Friday, 25 May 2018

Bride of Frankenstein

Taking some elements of the book that were originally left out of Frankenstein (1931), the 1935 sequel continues directly from the conclusion of the first film extending the story into something a little more complex.  Clearly the major omission from the 1931 adaptation was the creation of a mate for the abomination that had become a burden to its creator - a ploy on the part of Victor (here called Henry) to dispense of the creature once and for all from his life whilst simultaneously making amends, if such as thing were possible.  After the believed-dead Henry has been dragged back to his home and wife Elizabeth, his revival comes as a shock to all.  An old acquaintance visits the recovering man (bedridden partly because actor Colin Clive had actually broken a leg in real life at the time) with the intention of teaming up to continue experimenting with the creation of life, much to Elizabeth’s disapproval.  It seems the man, announced as Dr. Pretorius, has been developing in his laboratory a few miniature automatons of his own, something that seems borne out of a morally devoid mindset of obsessive, sadistic tinkering akin more so to that of a child than a scientist attempting to evolve mankind’s knowledge.  Initially defiant, Henry’s involvement is egged along by Pretorius bringing in the now obedient monster, something Henry thought to be dead after the windmill fire.  Elizabeth is kidnapped by the monster and Henry is forced to work with Pretorius to build a female, granting it life by similar means to the birth of his first ‘child’.  The monster himself is quite aroused at the prospect of a new friend after his first and only one, a wood-dwelling blind man, was taken from him by strangers.  Of course, the results of the female’s awakening are not predictable and her arrival is destined to bring doom to those around her.
Apart from filling in some literary gaps in Universal’s Frankenstein franchise the studio put together what some have since deemed to be the greatest horror movie ever made.  Yet this label often came from those who rarely watch genre products, and it can never live up to such heights.  Aside from that the film was certainly ahead of its era in many ways.  Englishman James Whale was nothing like the usual director employed to shoot mainstream films back in the golden age; he brought personality and style to his projects and was one of cinema’s earliest auteurs.  Look at any of his genre films and they stand out from the crowd: Frankenstein and the sequel reviewed here, The Invisible Man, and The Old Dark House.  In contrast to most directors of the period, Whale was not simply another employee on the film set.  One thing he brought to these darker outings, including Bride…, was a grimly humorous edge, something that was probably lost to the comprehension of studio executives in the thirties.  Much more pronounced here than in the first film it can take a while to get accustomed to nowadays (the squawking old woman who seems omnipresent still grates a little with me after many viewings), but it’s at least memorable, for example the monster puffing on cigarettes and acquiring a taste for wine is something that embeds itself in memory.  And then there’s that inexplicable laboratory lever…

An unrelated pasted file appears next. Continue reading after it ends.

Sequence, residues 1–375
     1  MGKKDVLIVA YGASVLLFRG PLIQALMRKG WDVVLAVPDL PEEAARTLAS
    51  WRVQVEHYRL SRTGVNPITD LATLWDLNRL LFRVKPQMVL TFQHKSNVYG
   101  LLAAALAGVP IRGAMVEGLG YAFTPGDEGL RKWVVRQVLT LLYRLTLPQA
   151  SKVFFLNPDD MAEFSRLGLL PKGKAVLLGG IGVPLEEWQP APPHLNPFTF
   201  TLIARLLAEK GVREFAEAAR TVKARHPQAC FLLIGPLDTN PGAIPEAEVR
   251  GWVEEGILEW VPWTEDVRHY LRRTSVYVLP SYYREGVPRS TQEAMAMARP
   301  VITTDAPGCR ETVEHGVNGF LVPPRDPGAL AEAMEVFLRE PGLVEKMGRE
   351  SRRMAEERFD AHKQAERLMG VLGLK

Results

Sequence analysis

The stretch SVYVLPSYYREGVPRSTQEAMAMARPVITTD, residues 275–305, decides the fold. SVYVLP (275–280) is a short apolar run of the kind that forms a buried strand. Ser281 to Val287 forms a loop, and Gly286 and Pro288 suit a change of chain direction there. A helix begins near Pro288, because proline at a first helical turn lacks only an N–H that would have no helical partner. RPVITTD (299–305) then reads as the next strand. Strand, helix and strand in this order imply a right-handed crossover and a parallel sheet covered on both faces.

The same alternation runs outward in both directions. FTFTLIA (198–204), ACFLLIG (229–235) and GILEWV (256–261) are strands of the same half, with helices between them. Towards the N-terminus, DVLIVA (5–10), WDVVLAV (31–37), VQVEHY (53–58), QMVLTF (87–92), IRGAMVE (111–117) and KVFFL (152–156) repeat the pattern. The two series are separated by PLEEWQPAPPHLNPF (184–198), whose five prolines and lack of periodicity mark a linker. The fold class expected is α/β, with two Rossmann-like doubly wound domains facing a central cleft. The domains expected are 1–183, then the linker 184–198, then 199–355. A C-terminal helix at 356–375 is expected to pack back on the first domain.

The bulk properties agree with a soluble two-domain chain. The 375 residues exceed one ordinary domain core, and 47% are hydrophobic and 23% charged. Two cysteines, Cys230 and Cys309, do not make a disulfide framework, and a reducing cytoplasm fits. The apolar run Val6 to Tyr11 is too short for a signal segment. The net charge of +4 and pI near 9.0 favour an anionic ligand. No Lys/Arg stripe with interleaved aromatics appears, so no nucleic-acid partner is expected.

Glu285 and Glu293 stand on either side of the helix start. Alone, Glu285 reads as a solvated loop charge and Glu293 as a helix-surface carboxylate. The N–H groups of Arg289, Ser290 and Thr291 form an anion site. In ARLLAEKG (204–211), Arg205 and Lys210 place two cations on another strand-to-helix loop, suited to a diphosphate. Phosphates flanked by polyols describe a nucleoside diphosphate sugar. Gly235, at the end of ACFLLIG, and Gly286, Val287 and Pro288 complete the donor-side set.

Continuity is maintained with the first film quite well, bringing Colin Clive back as Henry, removing the monster’s burnt eyebrows as a result of the fire it had survived, the watchtower production design, etc.  Unfortunately, Mae Clarke would not return as Henry’s wife, however, she was replaced by the overly dramatic but innately beautiful Valerie Hobson.  Dwight Frye also returned despite his character being killed in the first film, this time in a role as a different person with almost identical functionality (that of an assistant). The increased budget (nearly half a million dollars) is reflected in an amazing laboratory sequence, the film’s pinnacle - a lovely marathon of drama, great shots and editing, culminating in the eponymous woman’s birth (or rebirth).  The combined motivations of Henry, Pretorius, and the monster itself all direct to this one event, their actions throughout propelled towards a singularity.  The monster simply desires a friend (though is innocently unaware of any reproductive urge that probably survives in his blood), Pretorius has a morbid, amoral fascination with experimentation in life engineering, while Henry wants his wife back, although it’s clear his own scientific intrigue is piqued once work begins on the bride.  Like the monster, the bride herself is a gorgeous, iconic piece of design, thanks to Jack Pierce once again I believe.  She doesn’t speak but clearly displays disgust as she first sees her predetermined mate, this in turn fuelling the monster’s anger that seals fate.  It was a small masterstroke to cast Elsa Lanchester as both the bride, and Mary Shelley herself in the film’s prologue (almost suggesting that Shelley identified with the bride when she wrote the story).  There was a similar epilogue shot eventually removed along with quite a few other scenes after test screenings; these are probably lost forever.

Certainly not the ‘greatest’ but a standout entry from Universal’s monster cycle and the genre as a whole when considering the thirties and forties.  James Whale did not return to the Frankenstein series again but Boris Karloff was to make one more appearance as the monster, several years later in Son of Frankenstein

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